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 Uses a sphinx Valse noble  Has it’s place at the masked ball – it’s a dance Eusebius  Dreamy alter-ego Florestan  Uses the sphinx, crazy Coquette  Must be played directly from Florestan (attaca)  Flirtatious  Uses a sphinx again Replique  Uses a motive from Coquette Sphinxes Papillions Lettres dansantes (ASCH SCHA) Chiarina  Clara – the most passionate piece  Age 15 at the time Chopin  Sounds like the type of melody Chopin would write Estrella  Another name for Ernastina Reconnaissance (Recognition) Pantalon et Colombine  Man and Women clown Valse Allemande  German Dance Paganini  Virtoustic  Like a violin piece  Uses harmonics near the end Aveu (Consent)

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 Lots of rubato Promenade  Quotes his Op. 6 piece Pause  Goes straight into the next piece March of David’s Band vs. the Philistines  A ¾ March  In a funny sort of way, it is in 4/4 time – if you think of it as a phrase  Left hand – m. 51 – quotes from Papillon 

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Animato section quotes from the Preamble (m. 83-91)  M. 147-154 – goes to 4 flats – Grandfather song  M. 179-186 – Quotes  Piu Streeto – is the same as the preamble Presto section  Ab forever at the end Op. 12 – Fantasy Pieces (Fantasystucke) 8 separate pieces Evening Song (feels in 3 or 6)  Notated in 2/8 – left hand is clearly in 2  Right hand sounds in 3  Soaring  Extreme change of moods Op. 13 – Symphonic Etudes  Etudes, but still a complete work  Also a theme and variations    Only etude with these characteristics  Theme is by Ernestina’s father  12 variations all together  Really Hard! Op. 15 – Kinderszenen – (Scenes for Childhood)  Pieces about childhood, not easy  Require good phrasing, interpretation  Played by children and concert pianists

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 #7 – most famous – Dreaming Op. 16 – Kreisleriana  Dedicated to his friend Chopin  Considered his finest work  8 pieces that need to be played as a set  Opera - Tales of Hoffman – Offenbach  Kreisler is a character written by Hoffman  A music conductor in one of Hoffman’s tales  Also a pseudonym that Hoffman used when he wrote music reviews Op. 17 – Fantasy – 3 movements  Written as part of the fundraiser for a Beethoven monument (Liszt)  Ruins – Ancient Glory  Triumphal Arch – Final Victory o Exciting o Most treacherous leaps  The Starry Crown – About the Human Soul o More subdued Op. 18 – Arabesque  Beautiful Piece Op. 22 – Sonata No. 2 in g minor  First Movement (As Fast as Possible)  Coda – Faster, Coda of the Coda – Even Faster Op. 26 - Carnival from Vienna  Five Movement Sonata  Written after he visited Vienna Op. 28 – Three Romances  2nd one is played quite frequently  Written by Eusiebus Op. 54 - Piano Concerto in A Minor  First Movement – written the year Clara and Robert married  Third Movement – very boisterous Op. 68 – Album for the Young  43 Pieces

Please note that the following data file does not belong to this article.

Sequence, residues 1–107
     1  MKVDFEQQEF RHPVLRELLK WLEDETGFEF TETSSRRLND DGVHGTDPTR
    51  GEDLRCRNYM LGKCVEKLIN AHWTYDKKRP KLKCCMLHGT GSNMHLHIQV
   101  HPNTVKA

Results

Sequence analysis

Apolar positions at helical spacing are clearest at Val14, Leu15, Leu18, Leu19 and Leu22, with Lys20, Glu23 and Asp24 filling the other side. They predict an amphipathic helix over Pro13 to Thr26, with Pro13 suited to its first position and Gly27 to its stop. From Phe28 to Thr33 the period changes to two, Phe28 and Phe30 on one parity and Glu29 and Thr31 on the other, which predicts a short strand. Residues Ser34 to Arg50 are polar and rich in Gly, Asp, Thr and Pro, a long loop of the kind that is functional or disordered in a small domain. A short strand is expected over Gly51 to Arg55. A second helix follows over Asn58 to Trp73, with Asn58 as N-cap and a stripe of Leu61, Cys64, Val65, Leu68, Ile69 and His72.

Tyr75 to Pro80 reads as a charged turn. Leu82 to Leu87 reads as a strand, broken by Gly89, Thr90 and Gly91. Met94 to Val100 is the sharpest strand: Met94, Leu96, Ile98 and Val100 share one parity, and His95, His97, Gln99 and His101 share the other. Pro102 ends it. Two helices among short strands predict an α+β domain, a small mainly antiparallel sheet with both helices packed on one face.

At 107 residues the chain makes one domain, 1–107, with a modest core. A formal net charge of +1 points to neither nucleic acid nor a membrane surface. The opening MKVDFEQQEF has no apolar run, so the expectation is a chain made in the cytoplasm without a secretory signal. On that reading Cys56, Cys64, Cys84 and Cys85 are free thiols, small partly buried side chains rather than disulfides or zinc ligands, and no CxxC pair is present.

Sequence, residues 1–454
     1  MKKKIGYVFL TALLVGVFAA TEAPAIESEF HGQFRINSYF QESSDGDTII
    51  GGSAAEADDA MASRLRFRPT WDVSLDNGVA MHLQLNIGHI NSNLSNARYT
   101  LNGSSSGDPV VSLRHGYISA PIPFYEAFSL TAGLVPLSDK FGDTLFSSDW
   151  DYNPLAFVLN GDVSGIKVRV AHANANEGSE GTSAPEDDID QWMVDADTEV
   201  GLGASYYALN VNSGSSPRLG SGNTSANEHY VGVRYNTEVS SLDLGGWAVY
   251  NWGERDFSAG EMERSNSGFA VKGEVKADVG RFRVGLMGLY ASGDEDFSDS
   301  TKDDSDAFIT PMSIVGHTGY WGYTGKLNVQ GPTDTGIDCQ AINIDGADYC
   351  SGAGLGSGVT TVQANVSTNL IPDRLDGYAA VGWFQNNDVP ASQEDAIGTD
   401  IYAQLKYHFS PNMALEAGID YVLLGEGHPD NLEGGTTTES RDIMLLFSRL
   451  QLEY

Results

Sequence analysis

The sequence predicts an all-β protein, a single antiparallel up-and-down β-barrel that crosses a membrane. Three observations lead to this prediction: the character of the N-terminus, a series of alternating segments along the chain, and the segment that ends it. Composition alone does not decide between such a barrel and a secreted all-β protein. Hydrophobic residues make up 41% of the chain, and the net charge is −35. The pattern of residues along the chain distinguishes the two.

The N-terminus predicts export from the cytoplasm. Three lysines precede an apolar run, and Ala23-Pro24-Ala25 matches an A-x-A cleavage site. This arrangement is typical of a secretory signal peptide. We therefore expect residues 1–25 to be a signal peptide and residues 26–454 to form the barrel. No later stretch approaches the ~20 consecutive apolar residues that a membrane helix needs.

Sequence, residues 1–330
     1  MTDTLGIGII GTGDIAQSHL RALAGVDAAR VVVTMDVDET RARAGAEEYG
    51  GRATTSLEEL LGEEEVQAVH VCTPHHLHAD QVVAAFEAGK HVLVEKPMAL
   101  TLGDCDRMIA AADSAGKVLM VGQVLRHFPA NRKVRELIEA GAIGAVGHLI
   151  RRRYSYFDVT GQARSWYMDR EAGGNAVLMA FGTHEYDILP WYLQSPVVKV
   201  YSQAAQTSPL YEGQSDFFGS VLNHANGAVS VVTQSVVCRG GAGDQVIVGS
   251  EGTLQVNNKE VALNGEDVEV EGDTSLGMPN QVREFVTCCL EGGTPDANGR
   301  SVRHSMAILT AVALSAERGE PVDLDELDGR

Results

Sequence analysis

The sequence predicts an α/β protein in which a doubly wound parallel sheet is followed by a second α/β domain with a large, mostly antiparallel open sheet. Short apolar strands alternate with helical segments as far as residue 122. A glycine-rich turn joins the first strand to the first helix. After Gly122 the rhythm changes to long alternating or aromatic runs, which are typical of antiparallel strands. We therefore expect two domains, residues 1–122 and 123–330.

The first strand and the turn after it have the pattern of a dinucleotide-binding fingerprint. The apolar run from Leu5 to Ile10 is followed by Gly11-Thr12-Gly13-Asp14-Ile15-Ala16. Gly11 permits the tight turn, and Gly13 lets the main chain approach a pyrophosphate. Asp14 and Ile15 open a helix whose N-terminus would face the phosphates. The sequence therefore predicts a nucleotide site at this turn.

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 In general, easier than Scenes from Childhood  Intended to be played by children  Excerpts Written between 1829-39 1840 – “The year of the song” for Schumann o Got Married o 3 Song Cycles are from that time period o First movement of piano concerto written that year 1841+ o Focused on orchestral and chamber works Florestan and Eusebius o 2 alter-egos that Schumann invented o 3 ways represented in Schumann  Articles were written by one of these two in the magazine  Some compositions were written by some of these people  Also appear as characters in his pieces o Florestan – fiery, impetuous (extrovert)

o Eusebius – dreamy, introspective (introvert) o Both of these imaginary characters belonged to David’s Band  Literary characters o Father was a bookseller o Schumann read all of the time o Quotes and enigmas are found in his music Considered the most “romantic”

9/26/2006 12:20:00 PM

9/26/2006 12:20:00 PM